Evelyn Waugh (1903–1966) was an English writer of novels, travel books
and biographies. He was also a prolific journalist and reviewer. His
best-known works include his early satires Decline and Fall (1928) and
A Handful of Dust (1934), his novel Brideshead Revisited (1945) and his
trilogy of Second World War novels collectively known as Sword of
Honour (1952–61). Waugh, a conservative Roman Catholic whose views were
often trenchantly expressed, is widely recognised as one of the great
prose stylists of the 20th century. In the 1930s he travelled
extensively, often as a special newspaper correspondent. He served in
the British armed forces throughout the Second World War, first in the
Royal Marines and later in the Royal Horse Guards. All these
experiences, and the wide range of people he encountered, were used in
Waugh's fiction, generally to humorous effect; even his own mental
breakdown in the early 1950s, brought about by misuse of drugs, was
fictionalised. After his death in 1966 he acquired a new following
through film and television versions of his work, most memorably
Brideshead Revisited in 1982.
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Today's selected anniversaries:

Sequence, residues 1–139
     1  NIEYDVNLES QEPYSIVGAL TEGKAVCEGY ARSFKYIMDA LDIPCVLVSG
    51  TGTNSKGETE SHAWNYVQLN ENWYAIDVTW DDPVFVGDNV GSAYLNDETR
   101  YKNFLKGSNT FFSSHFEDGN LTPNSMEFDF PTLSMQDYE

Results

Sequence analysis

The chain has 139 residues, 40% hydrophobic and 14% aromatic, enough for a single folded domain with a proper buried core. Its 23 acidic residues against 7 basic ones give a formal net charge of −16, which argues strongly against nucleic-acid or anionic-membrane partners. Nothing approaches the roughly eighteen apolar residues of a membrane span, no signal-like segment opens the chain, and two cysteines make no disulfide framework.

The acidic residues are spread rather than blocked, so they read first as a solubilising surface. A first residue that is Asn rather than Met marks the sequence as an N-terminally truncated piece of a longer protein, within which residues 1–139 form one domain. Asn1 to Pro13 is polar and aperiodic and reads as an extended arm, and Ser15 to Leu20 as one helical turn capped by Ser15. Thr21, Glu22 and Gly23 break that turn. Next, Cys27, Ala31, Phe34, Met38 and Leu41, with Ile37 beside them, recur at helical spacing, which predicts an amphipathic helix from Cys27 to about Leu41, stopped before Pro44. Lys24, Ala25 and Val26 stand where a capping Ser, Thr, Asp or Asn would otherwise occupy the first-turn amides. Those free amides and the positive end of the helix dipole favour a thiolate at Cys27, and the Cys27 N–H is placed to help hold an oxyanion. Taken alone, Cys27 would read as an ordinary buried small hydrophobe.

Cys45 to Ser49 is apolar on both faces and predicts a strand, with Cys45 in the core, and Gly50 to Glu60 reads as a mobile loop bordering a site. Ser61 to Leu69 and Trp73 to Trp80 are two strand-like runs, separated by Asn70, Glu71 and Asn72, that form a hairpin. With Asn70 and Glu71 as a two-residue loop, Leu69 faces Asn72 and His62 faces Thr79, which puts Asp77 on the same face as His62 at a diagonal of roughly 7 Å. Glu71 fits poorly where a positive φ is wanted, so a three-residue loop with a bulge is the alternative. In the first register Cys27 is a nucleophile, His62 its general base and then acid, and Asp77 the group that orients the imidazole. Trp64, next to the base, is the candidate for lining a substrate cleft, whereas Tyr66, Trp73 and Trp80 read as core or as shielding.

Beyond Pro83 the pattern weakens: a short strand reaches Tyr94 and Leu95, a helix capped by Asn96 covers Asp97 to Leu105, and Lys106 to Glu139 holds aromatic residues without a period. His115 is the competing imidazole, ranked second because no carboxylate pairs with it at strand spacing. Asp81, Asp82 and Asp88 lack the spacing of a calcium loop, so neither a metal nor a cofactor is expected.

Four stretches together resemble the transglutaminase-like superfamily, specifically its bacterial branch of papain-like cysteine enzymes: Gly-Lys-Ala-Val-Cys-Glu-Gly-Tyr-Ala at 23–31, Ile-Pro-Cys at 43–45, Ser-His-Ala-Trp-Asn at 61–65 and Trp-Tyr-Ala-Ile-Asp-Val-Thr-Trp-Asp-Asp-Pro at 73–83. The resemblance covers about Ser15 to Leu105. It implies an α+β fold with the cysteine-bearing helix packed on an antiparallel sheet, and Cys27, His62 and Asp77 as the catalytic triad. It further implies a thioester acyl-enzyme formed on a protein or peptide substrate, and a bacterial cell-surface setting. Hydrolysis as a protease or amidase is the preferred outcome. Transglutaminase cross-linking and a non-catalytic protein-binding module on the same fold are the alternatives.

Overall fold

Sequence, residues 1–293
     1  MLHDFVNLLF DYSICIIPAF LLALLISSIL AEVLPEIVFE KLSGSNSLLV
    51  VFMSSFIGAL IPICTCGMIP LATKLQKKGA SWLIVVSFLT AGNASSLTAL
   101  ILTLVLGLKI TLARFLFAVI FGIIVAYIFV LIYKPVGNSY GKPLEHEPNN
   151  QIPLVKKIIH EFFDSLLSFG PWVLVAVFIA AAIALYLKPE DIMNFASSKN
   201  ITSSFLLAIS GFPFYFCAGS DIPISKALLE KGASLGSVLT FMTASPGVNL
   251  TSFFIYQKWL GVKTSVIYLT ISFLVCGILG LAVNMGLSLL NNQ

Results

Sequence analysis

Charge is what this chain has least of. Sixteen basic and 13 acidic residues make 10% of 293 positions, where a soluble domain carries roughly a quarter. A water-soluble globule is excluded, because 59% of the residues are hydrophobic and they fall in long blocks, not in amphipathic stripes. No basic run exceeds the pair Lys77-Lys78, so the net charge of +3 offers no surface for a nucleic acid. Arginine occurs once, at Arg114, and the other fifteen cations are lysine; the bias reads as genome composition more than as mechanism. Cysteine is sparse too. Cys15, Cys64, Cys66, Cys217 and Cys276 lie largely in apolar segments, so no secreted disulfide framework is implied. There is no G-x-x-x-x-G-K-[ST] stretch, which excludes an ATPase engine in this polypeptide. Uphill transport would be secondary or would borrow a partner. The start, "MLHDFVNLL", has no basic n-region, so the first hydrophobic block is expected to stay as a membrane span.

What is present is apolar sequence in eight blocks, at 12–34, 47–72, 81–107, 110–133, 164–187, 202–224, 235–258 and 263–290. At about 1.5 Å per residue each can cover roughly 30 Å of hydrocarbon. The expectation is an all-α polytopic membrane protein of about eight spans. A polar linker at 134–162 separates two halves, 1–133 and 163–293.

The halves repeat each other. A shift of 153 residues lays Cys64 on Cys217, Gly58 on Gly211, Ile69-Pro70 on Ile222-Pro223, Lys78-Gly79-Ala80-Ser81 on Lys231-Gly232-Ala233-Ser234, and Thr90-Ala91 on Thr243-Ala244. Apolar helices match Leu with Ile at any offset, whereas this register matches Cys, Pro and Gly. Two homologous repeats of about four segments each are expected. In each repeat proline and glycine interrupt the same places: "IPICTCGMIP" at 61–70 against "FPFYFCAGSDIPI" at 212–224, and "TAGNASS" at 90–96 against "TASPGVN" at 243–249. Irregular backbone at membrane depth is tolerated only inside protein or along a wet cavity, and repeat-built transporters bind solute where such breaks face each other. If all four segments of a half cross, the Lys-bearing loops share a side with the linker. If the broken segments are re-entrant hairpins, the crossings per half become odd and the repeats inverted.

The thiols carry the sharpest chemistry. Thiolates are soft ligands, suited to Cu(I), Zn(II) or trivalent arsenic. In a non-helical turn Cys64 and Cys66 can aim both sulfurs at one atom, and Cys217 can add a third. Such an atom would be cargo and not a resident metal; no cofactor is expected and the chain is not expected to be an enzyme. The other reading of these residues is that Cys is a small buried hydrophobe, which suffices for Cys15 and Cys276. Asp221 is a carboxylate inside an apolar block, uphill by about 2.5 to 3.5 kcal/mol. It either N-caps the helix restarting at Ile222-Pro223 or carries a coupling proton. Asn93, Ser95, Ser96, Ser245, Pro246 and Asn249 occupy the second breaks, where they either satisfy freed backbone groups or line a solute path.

William of Ockham, originator of the methodological principle Occam's
razor, secretly left Avignon under threat from Pope John XXII.
American slave Dred Scott , who had previously unsuccessfully sued for
his freedom, was emancipated by Henry Taylor Blow, his original owner.
Irish author Bram Stoker's most famous novel Dracula was first
The House Un-American Activities Committee was established to
investigate alleged disloyalty and subversive activities by people or
organizations suspected of having communist or fascist ties.
World War II: A flotilla of "little ships" began a mass evacuation of
British, French and Belgian troops cut off by the German army during
the Battle of Dunkirk.
Wiktionary's word of the day:
1. A criminal with no prior criminal record.
2. (Australia) An unbranded farm animal.
3. (Australia) An unlabelled
bottle of wine
Wikiquote quote of the day:
If there must be resolution and explanation, it must be something worth
its weight in mystery. Most times, I'd be content with the mystery.
--Caitlín R. Kiernan